1. This is a first appeal arising out of a suit in which the plaintiffs, a father and son, alleged that the land in suit was the property of a trust or wakf which had been created in favour of a shivala and dharamshala. Defendant 1 was alleged to be the trustee, defendant 2 to be in possession under an alleged mortgage executed by defendant 1 and defendant 3 to be claiming the property as a grove-holder. Defendant 3 is the father of defendant 2. All three defendants set up a plea that there was no trust and that defendant 1 was the owner of the property. The reliefs were : (a) that defendant 1 might be removed from the office of trustee and manager of the wakf property and that another trustee or other trustees should be appointed, (b) that the new trustee or trustees should be put in possession of the wakf property and that the rights of all the defendants should be extinguished and (e) that the defendants should be required to render an account of the income and expenses and that the amount which might be found due by any particular defendant should be awarded to the new trustee against that defendant. The learned District Judge dismissed the suit against defendant 3 on the sole ground that the Advocate-General had given the plaintiffs permission to sue only the first two defendants. He removed defendant 1 from the office of trustee and directed that a scheme should be drawn up for the management of the trust. Against defendant 2 he granted only a declaration that the property in suit was the property of the trust.
2. The appellant before us is defendant 2. Before considering his grounds of appeal and the arguments which have been addressed to us on his behalf it will be convenient to set forth certain facts. It appears that one Bhagwan Das sold the property to Hargu Lal, the father of the plaintiff, Suraj Bhan under a deed of sale dated 21st June 1892. In 1895 Jiwan Das brought a suit against Hargu Lal in order to obtain a declaration that the property in dispute was the subject of a religious and charitable trust in favour of a shivala and that the sale deed was null and void. This suit was concluded by a compromise decree. Hargu Lal agreed that the deed in his favour should be set aside on the understanding that the property in suit was wakf property relating to a shivala and dharamshala, that Jiwan Das should be the trustee and manager of the wakf, that he should be succeeded by his disciples and that he should have no right to alienate the property. Jiwan Das was succeeded by his disciple, Mohan Das, who executed a deed of usufructuary mortgage in favour of defendant 2 in the year 1932. Defendant 1, Babu Hira Das, is said to be the disciple of Mohandas. He did not appear in the Court below after filing a written statement and he has acquiesced in the ex parte decree which was passed against him. Defendants 2 and 3, son and father, are in possession of the property.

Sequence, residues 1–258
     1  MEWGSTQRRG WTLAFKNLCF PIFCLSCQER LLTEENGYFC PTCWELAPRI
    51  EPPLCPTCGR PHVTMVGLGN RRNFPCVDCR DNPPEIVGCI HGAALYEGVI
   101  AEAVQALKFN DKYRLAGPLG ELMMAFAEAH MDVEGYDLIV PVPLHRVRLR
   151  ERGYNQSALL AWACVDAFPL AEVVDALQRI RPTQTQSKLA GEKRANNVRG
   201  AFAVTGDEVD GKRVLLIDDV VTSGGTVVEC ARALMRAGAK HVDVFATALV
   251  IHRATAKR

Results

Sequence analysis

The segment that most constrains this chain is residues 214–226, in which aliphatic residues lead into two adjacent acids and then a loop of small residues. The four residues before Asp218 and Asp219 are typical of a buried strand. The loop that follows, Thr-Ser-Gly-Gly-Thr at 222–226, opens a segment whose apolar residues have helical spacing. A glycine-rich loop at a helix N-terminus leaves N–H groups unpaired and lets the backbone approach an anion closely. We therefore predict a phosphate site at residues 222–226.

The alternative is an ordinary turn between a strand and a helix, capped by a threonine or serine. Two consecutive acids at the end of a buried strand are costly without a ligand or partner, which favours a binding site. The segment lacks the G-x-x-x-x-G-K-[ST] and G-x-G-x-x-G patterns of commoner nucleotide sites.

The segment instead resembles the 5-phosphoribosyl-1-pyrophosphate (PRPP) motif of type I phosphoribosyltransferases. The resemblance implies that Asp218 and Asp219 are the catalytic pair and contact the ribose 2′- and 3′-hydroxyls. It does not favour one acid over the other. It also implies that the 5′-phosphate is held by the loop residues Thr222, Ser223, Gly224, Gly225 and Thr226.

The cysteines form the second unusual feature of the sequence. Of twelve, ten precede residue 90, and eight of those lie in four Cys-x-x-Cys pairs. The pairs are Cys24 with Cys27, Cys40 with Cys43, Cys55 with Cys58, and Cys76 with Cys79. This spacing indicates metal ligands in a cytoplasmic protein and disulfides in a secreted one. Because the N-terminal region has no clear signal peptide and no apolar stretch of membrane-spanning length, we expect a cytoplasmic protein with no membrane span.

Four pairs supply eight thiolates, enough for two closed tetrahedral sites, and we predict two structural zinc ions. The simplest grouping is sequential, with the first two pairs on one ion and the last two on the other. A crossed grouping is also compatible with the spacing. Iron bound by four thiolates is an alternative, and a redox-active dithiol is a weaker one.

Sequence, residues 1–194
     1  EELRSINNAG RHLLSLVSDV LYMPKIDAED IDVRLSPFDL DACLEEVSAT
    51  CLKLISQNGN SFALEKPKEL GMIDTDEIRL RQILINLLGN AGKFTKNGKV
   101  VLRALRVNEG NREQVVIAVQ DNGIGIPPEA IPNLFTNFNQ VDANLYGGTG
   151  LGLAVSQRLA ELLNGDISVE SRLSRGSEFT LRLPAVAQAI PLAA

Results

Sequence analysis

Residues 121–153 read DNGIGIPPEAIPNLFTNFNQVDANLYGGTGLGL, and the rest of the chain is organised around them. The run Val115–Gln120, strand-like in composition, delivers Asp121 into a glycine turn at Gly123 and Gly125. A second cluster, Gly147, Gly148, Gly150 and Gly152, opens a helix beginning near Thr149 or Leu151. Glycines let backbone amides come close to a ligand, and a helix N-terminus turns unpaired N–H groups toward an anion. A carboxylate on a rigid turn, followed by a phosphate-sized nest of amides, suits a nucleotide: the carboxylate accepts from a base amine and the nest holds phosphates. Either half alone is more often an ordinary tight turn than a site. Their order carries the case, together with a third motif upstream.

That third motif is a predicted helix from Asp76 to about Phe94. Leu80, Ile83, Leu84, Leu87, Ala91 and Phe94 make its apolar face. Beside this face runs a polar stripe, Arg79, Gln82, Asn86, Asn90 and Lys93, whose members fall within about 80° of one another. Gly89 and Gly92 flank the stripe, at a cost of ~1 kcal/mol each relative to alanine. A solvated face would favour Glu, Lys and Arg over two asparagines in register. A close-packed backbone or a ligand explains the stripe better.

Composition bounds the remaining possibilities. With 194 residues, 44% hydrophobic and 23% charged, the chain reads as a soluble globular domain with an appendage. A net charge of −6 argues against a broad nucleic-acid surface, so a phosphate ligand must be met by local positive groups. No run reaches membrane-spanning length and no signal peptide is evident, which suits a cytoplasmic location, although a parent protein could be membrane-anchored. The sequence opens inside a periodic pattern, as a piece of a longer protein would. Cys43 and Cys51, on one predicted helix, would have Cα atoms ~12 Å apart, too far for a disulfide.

3. As for the grounds of appeal I may take them in order. The first is that there was no wakf because none could be created without the execution of a registered instrument. The answer to this is that the predecessor-in-interest of the defendants admitted the existence of this trust and that the decree on the basis of the compromise is binding upon the defendants. There was no necessity to have the decree registered and there is no suggestion that a wakf was created at the time when the decree was passed. The second ground is that there was in fact no idol or temple in existence at the time of the decree and that for this reason there could be no wakf. It was suggested that one of the plaintiffs had admitted that no idol existed at the time of the compromise, but an examination of his evidence will show that his statement was to the contrary effect. It does not however seem to matter whether there was an idol or not at that time. The par-ties to the decree accepted the position that there had been a wakf in existence for some time and even if there was no idol, there is nothing to prevent any person creating a trust in favour of a temple or of a dharamshala. There might be some question whether the property vested in the idol or vested in the trustee, but that would be a question which could not in any way affect the result of this suit. The third and the fourth grounds appear to rest upon the contention that the trustees could appropriate the property and defeat the trust by failing to carry out its provisions and misappropriating the profits of the property for a period of years. This proposition has merely to be stated in order to be rejected. The fifth ground is that the compromise decree was fraudulent and was the result of collusion between the parties. It is not explained on whom the fraud was practised and no fraud or collusion was pleaded by any of the defendants.